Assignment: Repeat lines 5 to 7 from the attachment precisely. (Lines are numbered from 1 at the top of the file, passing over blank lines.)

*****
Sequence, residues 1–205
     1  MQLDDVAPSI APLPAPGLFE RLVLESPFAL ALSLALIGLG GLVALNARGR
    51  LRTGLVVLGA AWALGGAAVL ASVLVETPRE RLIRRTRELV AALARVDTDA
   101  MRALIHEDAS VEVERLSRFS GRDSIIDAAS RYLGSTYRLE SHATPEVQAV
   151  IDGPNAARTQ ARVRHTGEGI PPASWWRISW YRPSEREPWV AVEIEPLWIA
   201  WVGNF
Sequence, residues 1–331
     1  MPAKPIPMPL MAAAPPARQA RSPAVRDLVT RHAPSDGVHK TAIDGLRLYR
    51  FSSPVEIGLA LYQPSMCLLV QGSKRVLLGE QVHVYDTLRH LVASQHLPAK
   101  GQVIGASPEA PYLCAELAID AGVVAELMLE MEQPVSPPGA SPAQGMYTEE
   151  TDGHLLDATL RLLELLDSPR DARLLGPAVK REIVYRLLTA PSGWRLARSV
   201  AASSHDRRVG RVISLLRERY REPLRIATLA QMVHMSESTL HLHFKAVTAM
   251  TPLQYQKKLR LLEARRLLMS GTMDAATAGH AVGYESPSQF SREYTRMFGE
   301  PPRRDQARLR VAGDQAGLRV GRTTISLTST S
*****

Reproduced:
   151  IDGPNAARTQ ARVRHTGEGI PPASWWRISW YRPSEREPWV AVEIEPLWIA
   201  WVGNF
Sequence, residues 1–331